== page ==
Sado Kinzan (Sado Gold Mine) Scroll, detail.

Two things I found especially wonderful and incredible about this collection, outside of the objects themselves. One, Prof. Jack Stoneman and others are using the collection as an opportunity to teach BA and MA students, in a very direct and hands-on manner, how to handle such objects, how to examine them closely and use them as research materials, and how to perform research about them, i.e. gaining first-hand experience at bibliographic research, tracking down provenance, comparing extant examples to determine how rare or how high-quality your copy is…. all skills that are essential for anyone seeking to go into museum, library, or archive work (or, nearly so, I suppose, depending on the position and the institution), and valuable too for a wide variety of other career paths. I’ve interned at several museums, and have an MA in Art History, and I don’t think I have quite the experience, the practice, that these students are gaining. Plus, the professors at BYU are using these primary sources to teach students hentaigana and kuzushiji.

Second, Prof. Stoneman told us something about the history of the collection, and it’s pretty incredible. Most of this collection comes from a man named Harry F. Bruning, who collected a wide variety of things, and sold much of it to a David Magee, who then sold it to the university. As far as we know, Bruning never went to Japan – didn’t even speak Japanese – and so, with my apologies for saying so, I’m not sure that Bruning himself is quite as fascinating a figure as, say, Bigelow, Morse, or Okakura, who traveled and dressed in traditional clothing and more actively engaged with the artistic & cultural worlds of the introduction of Japanese art into the US, and of the introduction of Westerners into Japan…. What’s really fascinating about the Bruning story is the way that Stoneman began to track down information about the collection. While looking through reference books from BYU’s library, such as a 1931 hard copy print catalog of the Art Institute of Chicago’s holdings, he noticed prices and checkmarks and the like penciled into the margins. And he noticed the same marks, in the same handwriting, in a few other books from the BYU library. And then he found, by some wonderful expert searching, a ledger or account book, also in the BYU Special Collections, but not well-cataloged or labeled (simply because no one had really looked at it closely enough before), which it turns out was Bruning’s own ledger, a daily diary of things he bought, sold, or inquired about!! But, this diary doesn’t happen to have any Japanese materials listed in it, and further, while there is reason to believe Bruning compiled a highly organized and detailed list of his own collection before handing it over to Magee, that book, if it still exists, is yet to be found. Is it also in the BYU library somewhere? Is it in the possession, somewhere, of Bruning’s relatives? … In short, it turns out it’s not just the Japanese materials themselves (and a huge wealth of other materials, incl. Western sheet music) which were The Bruning Collection, but actually it would seem a whole ton of reference books, booksellers’ catalogs, etc., which have now become scattered across the library collections, and so it’s sort of a treasure hunt to find Bruning’s handwritten notes in books throughout the library, and to piece this back together.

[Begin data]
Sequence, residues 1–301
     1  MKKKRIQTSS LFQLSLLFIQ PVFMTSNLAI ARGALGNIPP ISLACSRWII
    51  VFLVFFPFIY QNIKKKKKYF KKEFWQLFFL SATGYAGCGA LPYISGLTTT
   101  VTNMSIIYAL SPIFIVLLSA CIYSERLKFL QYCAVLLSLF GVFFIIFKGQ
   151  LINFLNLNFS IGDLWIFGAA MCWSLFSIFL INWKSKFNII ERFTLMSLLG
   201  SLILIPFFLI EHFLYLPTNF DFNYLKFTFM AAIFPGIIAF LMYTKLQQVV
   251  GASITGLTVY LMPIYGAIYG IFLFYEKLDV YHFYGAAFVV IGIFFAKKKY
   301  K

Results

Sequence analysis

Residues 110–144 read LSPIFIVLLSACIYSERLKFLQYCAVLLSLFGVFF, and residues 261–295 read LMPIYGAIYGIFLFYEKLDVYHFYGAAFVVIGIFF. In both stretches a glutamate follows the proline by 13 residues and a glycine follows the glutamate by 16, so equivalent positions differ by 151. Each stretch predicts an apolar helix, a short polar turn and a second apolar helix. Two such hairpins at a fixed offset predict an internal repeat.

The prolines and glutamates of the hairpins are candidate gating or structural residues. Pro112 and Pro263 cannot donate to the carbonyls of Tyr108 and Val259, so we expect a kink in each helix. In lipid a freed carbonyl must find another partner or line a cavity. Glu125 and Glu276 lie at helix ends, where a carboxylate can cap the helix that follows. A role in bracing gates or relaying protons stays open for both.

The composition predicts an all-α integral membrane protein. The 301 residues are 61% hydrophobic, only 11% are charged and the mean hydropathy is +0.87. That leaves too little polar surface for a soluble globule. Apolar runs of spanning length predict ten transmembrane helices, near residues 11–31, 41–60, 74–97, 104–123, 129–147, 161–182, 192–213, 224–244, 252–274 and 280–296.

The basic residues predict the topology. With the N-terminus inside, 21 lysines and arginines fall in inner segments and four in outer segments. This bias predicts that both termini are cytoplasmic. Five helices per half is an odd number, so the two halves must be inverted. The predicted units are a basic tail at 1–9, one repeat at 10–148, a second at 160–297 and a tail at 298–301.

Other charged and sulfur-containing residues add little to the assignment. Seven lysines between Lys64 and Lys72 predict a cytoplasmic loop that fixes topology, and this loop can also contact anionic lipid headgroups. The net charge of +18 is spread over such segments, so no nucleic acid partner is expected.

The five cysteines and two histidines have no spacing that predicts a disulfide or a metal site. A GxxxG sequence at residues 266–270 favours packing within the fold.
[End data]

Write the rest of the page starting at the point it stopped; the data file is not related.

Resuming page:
Ryûkyûjin dôro gakki zu (Ryukyuans Street Music Instruments Scroll)(detail). A handpainted copy of the scrolls I saw at the University of Hawaiʻi Library (Sakamaki-Hawley Collection).

I find the whole thing quite encouraging, because it means that just maybe, depending on the institution and the situation there, I just might be able to find myself – despite not having a PhD in Art History, despite not being Curator or Librarian or Archivist – nevertheless getting to work very closely with a collection, researching it myself and/or working with students to use the materials to teach them, and to help them acquire research skills as well.

All photos my own. All objects, L. Tom Perry Special Collections, Harold B. Lee Library, Brigham Young University, Provo, Utah.

*As far as I am aware, within the Art Library’s Special Collections, not counting “Main” Special Collections, or what may be owned by the Art, Design, and Architecture (AD&A) Museum on campus.

Mitani Hiroshi, David Noble (trans.), Escape from Impasse, Tokyo: International House of Japan, 2006.

Time for another book review from my exams. I thought we were at an end, which would have been sad, but there are still a few more to go.